Operating on a Suspended License in Massachusetts

Were you arrested for operating on a suspended license?

A criminal charge that is very much taken seriously, an Operating on a Suspended License charge can taint your criminal record.  You may not have been aware that your license was suspended, and this can happen for a variety of legitimate reasons.

The following information from DMV.org covers the topic of suspended licenses in Massachusetts.  Read this information to answer any questions you may have about your suspended driver’s license, and contact us if you have further questions you need answered.

Suspended License in Massachusetts

Check Your License Status

Get your personal drivers´ license history instantly and online. Find out what information is on your driving record with a BackgroundChecks.com Instant Motor Vehicle Report. Keep in mind, you can only run an instant motor vehicle report on yourself.

Whenever you need or want to check the status of your driver’s license, you can order a driving record report. This record will spell out if your driver’s license is currently valid. Should your license have been revoked or suspended, the report will indicate that according to what’s on record at the RMV. This report will also show points against your license and, in some cases, information on any accidents you have had.

Privilege or Right?

Driving in Massachusetts is a privilege authorized by the Massachusetts Registry of Motor Vehicles. But the RMV can also take away your driving privileges, either temporarily (a suspension), or permanently (a revocation). A suspension or revocation is about the worst thing that can happen in terms of a punishment for motor vehicle violations, and it’s easier to get one than you might think.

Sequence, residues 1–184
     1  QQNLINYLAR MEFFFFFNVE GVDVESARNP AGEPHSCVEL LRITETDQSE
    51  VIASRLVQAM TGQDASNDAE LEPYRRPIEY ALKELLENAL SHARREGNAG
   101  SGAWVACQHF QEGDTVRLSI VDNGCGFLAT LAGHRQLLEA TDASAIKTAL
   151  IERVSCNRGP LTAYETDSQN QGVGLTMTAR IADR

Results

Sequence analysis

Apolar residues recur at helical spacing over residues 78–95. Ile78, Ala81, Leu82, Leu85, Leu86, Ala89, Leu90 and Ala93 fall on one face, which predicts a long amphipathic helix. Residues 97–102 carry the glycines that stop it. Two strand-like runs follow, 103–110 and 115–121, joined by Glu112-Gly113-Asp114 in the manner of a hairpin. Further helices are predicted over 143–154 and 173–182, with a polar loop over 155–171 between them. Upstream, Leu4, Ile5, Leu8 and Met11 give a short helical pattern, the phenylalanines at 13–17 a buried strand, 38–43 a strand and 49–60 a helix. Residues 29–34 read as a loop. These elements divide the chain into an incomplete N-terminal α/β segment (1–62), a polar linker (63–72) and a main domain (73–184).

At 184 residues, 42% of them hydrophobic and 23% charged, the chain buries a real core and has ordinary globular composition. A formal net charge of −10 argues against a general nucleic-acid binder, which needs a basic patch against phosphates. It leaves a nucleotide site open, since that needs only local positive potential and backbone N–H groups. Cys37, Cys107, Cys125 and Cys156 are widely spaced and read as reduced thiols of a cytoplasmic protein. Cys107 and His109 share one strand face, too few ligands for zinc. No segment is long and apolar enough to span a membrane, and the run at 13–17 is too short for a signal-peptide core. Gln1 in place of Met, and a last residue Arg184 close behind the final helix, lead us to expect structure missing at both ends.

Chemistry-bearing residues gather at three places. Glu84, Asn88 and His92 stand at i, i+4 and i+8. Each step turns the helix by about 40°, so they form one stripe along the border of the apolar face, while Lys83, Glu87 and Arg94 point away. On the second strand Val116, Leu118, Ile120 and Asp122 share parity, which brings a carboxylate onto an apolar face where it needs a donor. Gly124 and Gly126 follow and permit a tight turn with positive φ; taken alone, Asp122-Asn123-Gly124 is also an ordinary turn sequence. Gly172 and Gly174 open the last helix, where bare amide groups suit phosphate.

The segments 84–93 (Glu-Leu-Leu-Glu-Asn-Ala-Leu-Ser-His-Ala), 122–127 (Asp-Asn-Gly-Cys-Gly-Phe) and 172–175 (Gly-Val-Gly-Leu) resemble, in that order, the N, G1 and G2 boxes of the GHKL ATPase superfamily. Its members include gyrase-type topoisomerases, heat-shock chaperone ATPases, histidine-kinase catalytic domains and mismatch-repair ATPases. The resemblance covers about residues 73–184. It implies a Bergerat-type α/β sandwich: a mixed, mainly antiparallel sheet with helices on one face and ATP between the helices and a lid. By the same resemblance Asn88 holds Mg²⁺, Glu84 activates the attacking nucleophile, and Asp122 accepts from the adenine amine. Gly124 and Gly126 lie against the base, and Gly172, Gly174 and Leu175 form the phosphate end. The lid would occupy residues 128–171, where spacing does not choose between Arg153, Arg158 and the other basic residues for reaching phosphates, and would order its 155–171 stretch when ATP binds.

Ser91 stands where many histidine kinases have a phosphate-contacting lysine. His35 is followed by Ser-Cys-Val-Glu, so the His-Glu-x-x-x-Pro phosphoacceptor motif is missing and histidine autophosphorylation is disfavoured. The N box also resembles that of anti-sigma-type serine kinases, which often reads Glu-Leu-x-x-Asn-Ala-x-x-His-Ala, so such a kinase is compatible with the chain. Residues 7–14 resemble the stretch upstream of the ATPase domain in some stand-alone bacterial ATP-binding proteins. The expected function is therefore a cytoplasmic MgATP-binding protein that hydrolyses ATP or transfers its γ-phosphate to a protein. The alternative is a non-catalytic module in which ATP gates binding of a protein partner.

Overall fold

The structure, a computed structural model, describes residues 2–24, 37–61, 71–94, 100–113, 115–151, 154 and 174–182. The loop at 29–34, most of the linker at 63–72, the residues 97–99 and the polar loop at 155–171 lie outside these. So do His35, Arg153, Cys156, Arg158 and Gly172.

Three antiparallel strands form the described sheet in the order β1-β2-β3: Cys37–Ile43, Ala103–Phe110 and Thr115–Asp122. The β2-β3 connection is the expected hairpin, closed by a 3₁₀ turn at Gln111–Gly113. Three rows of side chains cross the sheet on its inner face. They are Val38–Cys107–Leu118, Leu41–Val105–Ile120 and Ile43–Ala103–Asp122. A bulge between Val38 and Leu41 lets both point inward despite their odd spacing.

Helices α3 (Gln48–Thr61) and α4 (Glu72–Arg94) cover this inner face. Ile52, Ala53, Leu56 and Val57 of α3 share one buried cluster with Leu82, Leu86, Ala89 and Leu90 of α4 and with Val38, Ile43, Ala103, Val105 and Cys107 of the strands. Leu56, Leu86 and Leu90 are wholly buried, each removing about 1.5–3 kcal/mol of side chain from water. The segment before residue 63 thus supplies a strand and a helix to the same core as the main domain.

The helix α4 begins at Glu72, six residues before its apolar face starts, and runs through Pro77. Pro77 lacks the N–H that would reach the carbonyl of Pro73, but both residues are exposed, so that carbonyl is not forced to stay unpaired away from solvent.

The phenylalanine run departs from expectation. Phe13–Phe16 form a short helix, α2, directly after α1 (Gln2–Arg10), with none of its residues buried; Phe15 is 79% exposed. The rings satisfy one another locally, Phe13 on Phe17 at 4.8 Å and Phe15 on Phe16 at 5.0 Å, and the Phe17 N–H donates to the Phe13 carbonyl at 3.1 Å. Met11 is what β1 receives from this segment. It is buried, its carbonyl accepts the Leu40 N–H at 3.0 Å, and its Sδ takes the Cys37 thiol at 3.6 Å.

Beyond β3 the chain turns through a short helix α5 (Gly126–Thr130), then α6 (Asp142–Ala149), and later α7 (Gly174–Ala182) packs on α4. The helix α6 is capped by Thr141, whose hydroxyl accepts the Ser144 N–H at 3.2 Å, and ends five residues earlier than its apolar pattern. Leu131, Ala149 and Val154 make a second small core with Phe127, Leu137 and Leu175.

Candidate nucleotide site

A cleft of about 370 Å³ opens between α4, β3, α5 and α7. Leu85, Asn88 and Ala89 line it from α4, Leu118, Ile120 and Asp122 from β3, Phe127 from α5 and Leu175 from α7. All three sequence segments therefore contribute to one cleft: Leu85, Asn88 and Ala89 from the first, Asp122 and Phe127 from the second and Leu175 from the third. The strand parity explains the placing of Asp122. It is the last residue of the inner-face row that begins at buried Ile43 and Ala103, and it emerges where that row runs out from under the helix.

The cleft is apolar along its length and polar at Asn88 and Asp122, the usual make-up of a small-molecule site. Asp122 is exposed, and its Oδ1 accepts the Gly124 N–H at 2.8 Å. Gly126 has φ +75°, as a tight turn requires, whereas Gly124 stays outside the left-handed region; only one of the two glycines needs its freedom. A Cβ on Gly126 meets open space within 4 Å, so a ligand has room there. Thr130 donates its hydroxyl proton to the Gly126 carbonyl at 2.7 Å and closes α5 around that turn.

Automatic Suspensions

The Massachusetts RMV will automatically suspend your driver’s license in the following cases:

  • Three speeding violations in one year (30 days, $100 reinstatement fee).
  • Five surchargeable events in three years (Complete driver retraining in 90 days or indefinite suspension, $100 reinstatement fee).
  • Seven surchargeable events in three years (60 days and $100 reinstatement fee).
  • Habitual traffic offender (four years, $500 reinstatement fee).
  • Out-of-state suspension or revocation (revoked until suspension is lifted in that state, $100 reinstatement fee).

Criminal Suspensions

If you are convicted of a major motor vehicle criminal offense, plan on losing your license for more than a year in many cases. And be prepared to pay a large reinstatement fee if and when you ever get your license back:

  • Stealing a motor vehicle: one to three years, $500 reinstatement fee.
  • Leaving the scene of an accident with injuries: one to two years, $500 reinstatement fee.
  • Leaving the scene of an accident with property damage: 60 days to one year, $500 reinstatement fee.
  • Driving to endanger: 60 days to one year, $500 reinstatement fee.
  • Motor vehicle homicide: 15 years to life, $500 reinstatement fee.
  • Vehicular manslaughter: 15 years to life, $500 reinstatement fee.
  • Driving while under the influence of alcohol and/or drugs: one year to life, up to $1,200 reinstatement fee.

Discretionary Suspensions

The RMV can decide to suspend or revoke your license in any of the following discretionary situations:

  • If you are determined to be an immediate threat to public safety and must be removed from the road.